The study found that data breaches in the US are the most expensive, costing $8.19m (£6.6m), or more than double the average for worldwide companies in the study, and that the cost for data breaches in the US has increased by 130% over the past 14 years from $3.54m (£2.8m) in the 2006 study.

The financial consequences of a data breach, the report said, can be particularly acute for small and midsize businesses. Globally, companies with fewer than 500 employees suffered losses of more than £2m on average, which is a potentially crippling amount for small businesses, which typically earn £40.1m or less in annual revenue.

The report also examined the longtail financial impact of a data breach, finding that the effects of a data breach are felt for years. While an average of 67% of data breach costs were realised within the first year after a breach, 22% accrued in the second year and another 11% accumulated more than two years after a breach.

A co-ordinated global cyber attack could have an economic impact of up to $193bn, an insurance industry-backed report claims.

Most businesses are not applying common encryption tools effectively to contain the fallout and costs of data breaches, research shows.

Despite the danger posed by cyber attacks to mid-sized companies, boards are not prepared to manage the risk and firms are over-confident in their cyber capabilities, report finds.

The longtail costs were higher in the second and third years for organisations in highly regulated environments, such as healthcare, financial services, energy and pharmaceuticals.

“Cyber crime represents big money for cyber criminals, and unfortunately that equates to significant losses for businesses,” said Wendi Whitmore, global lead for IBM X-Force Incident Response and Intelligence Services.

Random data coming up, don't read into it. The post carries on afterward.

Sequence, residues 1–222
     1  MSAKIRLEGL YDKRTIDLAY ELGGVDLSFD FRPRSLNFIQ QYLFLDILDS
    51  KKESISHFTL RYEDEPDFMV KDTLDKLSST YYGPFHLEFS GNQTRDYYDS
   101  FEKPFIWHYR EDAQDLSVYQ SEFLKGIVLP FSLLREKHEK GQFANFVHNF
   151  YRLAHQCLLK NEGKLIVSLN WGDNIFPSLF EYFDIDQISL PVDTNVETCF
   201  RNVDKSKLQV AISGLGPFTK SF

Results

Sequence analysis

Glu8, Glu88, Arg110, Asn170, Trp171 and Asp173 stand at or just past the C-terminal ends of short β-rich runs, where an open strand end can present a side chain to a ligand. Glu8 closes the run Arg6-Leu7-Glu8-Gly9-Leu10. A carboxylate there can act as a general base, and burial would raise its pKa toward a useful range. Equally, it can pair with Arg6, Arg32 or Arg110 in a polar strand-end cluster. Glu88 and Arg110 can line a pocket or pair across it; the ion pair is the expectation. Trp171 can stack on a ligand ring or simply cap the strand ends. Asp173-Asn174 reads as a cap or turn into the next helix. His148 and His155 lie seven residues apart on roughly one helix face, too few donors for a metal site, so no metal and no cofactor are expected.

“With organisations facing the loss or theft of over 11.7 billion records in the past three years alone, companies need to be aware of the full financial impact that a data breach can have on their bottom line –and focus on how they can reduce these costs,” she said.

The report found that malicious breaches are the most common and most expensive, with 51% of data breaches in the study in the UK and globally resulting from malicious cyber attacks (up from 42% globally in the past six years) and costing companies £805,000 ($1m) more on average than those originating from accidental causes.

However, the report said inadvertent breaches from human error and system glitches were still the cause for nearly half (49%) of the data breaches in the report, costing companies £2.8m ($3.5m) and £2.6m ($3.24m) respectively.

These breaches from human and machine error represent an opportunity for improvement, the report said, which can be addressed through security awareness training for staff, technology investments, and testing services to identify accidental breaches early on.

One particular area of concern is the misconfiguration of cloud servers, which contributed to the exposure of 990 million records in 2018, representing 43% of all lost records for the year, according to the IBM X-Force Threat Intelligence Index.

“Mega breaches” the report said, typically lead to “mega losses”. While less common, breaches of more than one million records cost companies a projected £33.8m ($42m) in losses, and those of 50 million records are projected to cost companies £312m ($388m).

For the 9th year in a row, the study found that healthcare organisations had the highest cost of a breach of nearly £5.2m ($6.5m) on average, which is more than 60% greater than other industries in the study.